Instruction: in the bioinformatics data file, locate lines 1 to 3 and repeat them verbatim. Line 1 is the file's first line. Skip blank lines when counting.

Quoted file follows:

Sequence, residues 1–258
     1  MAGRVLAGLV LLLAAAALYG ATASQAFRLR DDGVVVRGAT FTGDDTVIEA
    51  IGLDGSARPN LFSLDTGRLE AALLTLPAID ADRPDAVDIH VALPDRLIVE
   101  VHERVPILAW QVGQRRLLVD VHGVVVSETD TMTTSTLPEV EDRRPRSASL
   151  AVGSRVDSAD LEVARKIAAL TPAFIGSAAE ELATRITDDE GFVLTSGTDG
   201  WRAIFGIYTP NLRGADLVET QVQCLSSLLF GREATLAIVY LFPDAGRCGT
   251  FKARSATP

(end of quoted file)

Sequence, residues 1–258
     1  MAGRVLAGLV LLLAAAALYG ATASQAFRLR DDGVVVRGAT FTGDDTVIEA
    51  IGLDGSARPN LFSLDTGRLE AALLTLPAID ADRPDAVDIH VALPDRLIVE